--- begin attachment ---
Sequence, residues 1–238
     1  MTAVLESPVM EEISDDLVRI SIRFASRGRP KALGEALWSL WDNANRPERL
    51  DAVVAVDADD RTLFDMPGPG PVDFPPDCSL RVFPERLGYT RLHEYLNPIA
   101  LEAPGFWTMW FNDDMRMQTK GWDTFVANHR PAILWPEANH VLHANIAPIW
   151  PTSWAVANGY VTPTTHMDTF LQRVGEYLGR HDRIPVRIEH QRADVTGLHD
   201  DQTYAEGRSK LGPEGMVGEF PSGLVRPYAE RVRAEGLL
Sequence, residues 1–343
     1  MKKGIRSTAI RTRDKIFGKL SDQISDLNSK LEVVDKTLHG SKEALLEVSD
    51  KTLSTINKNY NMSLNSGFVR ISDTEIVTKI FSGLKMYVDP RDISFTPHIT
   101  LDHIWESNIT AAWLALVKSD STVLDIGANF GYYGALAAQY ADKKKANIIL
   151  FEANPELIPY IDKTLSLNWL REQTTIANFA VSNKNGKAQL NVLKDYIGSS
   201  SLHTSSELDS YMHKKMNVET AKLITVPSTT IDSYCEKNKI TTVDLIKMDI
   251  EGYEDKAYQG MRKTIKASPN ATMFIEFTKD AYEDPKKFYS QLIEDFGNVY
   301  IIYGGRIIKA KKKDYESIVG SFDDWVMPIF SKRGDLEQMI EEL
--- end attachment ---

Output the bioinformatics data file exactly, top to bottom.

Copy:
Sequence, residues 1–238
     1  MTAVLESPVM EEISDDLVRI SIRFASRGRP KALGEALWSL WDNANRPERL
    51  DAVVAVDADD RTLFDMPGPG PVDFPPDCSL RVFPERLGYT RLHEYLNPIA
   101  LEAPGFWTMW FNDDMRMQTK GWDTFVANHR PAILWPEANH VLHANIAPIW
   151  PTSWAVANGY VTPTTHMDTF LQRVGEYLGR HDRIPVRIEH QRADVTGLHD
   201  DQTYAEGRSK LGPEGMVGEF PSGLVRPYAE RVRAEGLL
Sequence, residues 1–343
     1  MKKGIRSTAI RTRDKIFGKL SDQISDLNSK LEVVDKTLHG SKEALLEVSD
    51  KTLSTINKNY NMSLNSGFVR ISDTEIVTKI FSGLKMYVDP RDISFTPHIT
   101  LDHIWESNIT AAWLALVKSD STVLDIGANF GYYGALAAQY ADKKKANIIL
   151  FEANPELIPY IDKTLSLNWL REQTTIANFA VSNKNGKAQL NVLKDYIGSS
   201  SLHTSSELDS YMHKKMNVET AKLITVPSTT IDSYCEKNKI TTVDLIKMDI
   251  EGYEDKAYQG MRKTIKASPN ATMFIEFTKD AYEDPKKFYS QLIEDFGNVY
   301  IIYGGRIIKA KKKDYESIVG SFDDWVMPIF SKRGDLEQMI EEL